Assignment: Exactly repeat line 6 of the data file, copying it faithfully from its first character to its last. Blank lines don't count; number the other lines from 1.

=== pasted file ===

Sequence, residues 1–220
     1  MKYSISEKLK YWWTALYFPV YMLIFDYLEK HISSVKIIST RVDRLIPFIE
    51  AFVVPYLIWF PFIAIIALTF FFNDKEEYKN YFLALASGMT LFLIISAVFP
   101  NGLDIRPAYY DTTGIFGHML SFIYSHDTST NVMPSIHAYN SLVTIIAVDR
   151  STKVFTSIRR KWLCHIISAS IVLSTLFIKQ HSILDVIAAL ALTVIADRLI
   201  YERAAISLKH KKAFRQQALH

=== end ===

   201  YERAAISLKH KKAFRQQALH